Robert Wood Johnson University Hospital has agreed to pay $6.35 Million to settle allegations of violations of the False Claims Act. The suits alleged that the Hamilton, New Jersey hospital fraudulently inflated its charges to Medicare patients to obtain larger “outlier payments.” Congress enacted the supplemental outlier payments to ensure that hospitals have incentives to treat patients whose care requires unusually high costs.
Minnesota’s False Claims Act, which will take effect July 1, 2010, differs from its federal and other state counterparts in several key respects that may have a chilling effect on qui tam actions in this state. Whether it’s “Minnesota nice” or an effective deterrent against fraud remains to be seen.
Three New York City Home Health Agencies Pay $9.7 Million to the United States to Settle False Claims Act Claims
The United States and the State of New York have entered into settlement agreements with three home health agencies to resolve allegations that the agencies submitted false claims to the New York Medicaid and Medicare Programs.
The New York Medicaid Program provides coverage for home health aides only if those aides have valid certificates showing that they received proper training.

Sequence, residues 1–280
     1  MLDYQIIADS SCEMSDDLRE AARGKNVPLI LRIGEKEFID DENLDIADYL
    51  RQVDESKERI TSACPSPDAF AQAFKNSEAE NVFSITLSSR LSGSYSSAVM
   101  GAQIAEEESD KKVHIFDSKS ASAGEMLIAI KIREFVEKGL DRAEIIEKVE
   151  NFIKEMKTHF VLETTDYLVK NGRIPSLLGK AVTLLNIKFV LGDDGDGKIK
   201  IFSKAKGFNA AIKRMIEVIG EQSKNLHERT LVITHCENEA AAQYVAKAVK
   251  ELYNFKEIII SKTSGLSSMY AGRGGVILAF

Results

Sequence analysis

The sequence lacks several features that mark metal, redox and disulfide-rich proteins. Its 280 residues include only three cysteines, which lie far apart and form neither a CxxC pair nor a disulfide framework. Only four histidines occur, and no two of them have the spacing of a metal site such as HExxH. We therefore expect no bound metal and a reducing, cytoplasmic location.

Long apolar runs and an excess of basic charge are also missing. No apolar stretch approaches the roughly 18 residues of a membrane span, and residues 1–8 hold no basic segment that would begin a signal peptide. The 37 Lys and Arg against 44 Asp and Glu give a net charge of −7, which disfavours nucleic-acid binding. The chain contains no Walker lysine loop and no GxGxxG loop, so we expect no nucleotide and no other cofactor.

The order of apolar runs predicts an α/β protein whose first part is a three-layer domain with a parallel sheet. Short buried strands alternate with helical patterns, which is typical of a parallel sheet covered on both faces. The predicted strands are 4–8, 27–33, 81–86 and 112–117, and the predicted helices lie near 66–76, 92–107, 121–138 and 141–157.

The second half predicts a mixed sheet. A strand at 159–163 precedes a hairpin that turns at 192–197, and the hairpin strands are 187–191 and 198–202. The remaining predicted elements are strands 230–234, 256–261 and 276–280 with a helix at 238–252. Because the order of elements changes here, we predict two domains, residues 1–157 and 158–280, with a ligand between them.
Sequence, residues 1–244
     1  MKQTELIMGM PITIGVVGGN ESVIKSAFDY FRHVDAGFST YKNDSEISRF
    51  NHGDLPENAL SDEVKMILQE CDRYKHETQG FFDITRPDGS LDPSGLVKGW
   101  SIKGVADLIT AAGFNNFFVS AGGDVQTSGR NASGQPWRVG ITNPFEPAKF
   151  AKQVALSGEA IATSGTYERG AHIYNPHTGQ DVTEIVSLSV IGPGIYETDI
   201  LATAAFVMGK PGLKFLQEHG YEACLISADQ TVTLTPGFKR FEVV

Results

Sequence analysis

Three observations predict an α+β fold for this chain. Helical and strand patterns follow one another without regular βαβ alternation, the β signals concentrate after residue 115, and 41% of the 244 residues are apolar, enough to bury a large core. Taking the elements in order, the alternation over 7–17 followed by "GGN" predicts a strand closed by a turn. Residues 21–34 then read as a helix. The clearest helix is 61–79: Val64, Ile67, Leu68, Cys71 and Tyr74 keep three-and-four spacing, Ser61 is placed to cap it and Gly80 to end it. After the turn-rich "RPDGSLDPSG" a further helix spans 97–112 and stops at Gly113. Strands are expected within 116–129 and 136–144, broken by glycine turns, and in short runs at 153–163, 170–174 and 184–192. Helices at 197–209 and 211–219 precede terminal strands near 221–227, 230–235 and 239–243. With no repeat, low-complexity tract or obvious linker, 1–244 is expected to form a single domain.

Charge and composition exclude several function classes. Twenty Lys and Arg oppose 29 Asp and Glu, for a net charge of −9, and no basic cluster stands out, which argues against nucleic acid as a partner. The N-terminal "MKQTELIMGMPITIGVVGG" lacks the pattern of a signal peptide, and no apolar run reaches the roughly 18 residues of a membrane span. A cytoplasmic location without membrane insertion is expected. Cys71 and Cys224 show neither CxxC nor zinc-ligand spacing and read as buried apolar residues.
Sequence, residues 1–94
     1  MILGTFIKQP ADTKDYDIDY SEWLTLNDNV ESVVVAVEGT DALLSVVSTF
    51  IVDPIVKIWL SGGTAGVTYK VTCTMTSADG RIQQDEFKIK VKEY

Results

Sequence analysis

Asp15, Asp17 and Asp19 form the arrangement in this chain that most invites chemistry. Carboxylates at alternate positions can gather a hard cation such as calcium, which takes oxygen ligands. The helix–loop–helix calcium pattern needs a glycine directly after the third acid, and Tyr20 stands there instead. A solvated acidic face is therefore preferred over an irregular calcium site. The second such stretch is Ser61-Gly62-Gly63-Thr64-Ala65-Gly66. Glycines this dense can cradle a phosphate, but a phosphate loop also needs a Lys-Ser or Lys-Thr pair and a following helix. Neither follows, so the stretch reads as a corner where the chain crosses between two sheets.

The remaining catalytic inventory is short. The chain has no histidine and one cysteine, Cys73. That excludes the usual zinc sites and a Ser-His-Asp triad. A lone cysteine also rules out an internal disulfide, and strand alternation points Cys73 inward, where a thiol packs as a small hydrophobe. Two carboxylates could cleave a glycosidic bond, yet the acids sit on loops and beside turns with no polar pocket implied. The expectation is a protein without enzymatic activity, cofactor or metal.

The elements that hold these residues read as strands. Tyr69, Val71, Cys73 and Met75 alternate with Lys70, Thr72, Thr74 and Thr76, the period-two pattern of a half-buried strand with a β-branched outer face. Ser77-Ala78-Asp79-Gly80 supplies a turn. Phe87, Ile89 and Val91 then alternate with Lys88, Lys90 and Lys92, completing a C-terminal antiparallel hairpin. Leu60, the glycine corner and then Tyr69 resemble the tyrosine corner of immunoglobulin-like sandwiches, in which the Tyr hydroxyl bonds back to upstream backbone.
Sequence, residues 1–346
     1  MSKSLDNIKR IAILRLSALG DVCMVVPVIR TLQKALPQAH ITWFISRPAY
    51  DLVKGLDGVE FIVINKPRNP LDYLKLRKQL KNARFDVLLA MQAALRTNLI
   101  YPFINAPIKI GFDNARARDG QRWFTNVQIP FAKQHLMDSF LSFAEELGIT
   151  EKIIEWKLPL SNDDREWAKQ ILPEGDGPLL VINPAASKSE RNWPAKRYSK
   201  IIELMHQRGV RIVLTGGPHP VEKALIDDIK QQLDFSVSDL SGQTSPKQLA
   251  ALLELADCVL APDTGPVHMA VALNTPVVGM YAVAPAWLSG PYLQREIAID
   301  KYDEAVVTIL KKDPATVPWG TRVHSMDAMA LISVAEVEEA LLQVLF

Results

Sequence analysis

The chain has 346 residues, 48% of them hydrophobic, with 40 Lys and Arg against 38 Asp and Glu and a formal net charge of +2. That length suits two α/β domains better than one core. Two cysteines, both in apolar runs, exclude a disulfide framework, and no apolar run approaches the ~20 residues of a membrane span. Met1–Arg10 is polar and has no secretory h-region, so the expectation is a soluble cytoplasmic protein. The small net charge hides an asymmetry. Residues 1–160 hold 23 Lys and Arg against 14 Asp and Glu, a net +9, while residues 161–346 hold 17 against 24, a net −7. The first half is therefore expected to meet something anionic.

St. John’s Health System, headquartered in Tulsa, Oklahoma, has agreed to pay the United States $13,229,348.88 to settle allegations that it submitted claims to Medicare and Medicaid that were tainted by the hospital’s financial relationships with referring physicians.
Federal law prohibits health care providers like St.
Chevron Agrees to Pay More Than $45 Million Dollars to Resolve Allegations of False Claims for Royalties Under Payment
Chevron Corporation, Texaco, Unocal, Inc. and their affiliates (the Chevron Companies), have agreed to pay the United States $45,569.584.74 to resolve claims that they violated the False Claims Act by knowingly underpaying royalties owed on natural gas produced from federal and Indian leases.
Responsibility for overseeing the collection of royalties on federal and Indian leases lies with the Minerals Management Service (MMS) of the U.S.
The University of Phoenix has agreed to pay $67.5 million to the United States to resolve allegations that its student recruitment policies violated the False Claims Act. Two former University of Phoenix employees alleged that the University accepted federal student financial aid in violation of statutory and regulatory provisions that prohibit post-secondary schools from paying admissions counselors certain forms of incentive based compensation tied to the number of students recruited.
The Visiting Physicians Association (“VPA”), which provides home health services in Michigan, Ohio, Georgia and Wisconsin, will pay the United States and the state of Michigan $9.5 million to settle allegations that the VPA violated the False Claims Act by submitting false claims to Medicare, TRICARE and the Michigan Medicaid program.
Colorado-based Spectranetics Corporation to Pay $5 Million to Resolve Allegations Relating to Its Medical Devices
The Department of Justice announced that Spectranetics Corporation, a medical device manufacturer, has agreed to pay the United States $4.9 million in civil damages plus a $100,000.00 forfeiture to resolve various claims against the company. Spectranetics sells certain types of medical lasers and peripheral devices for those lasers.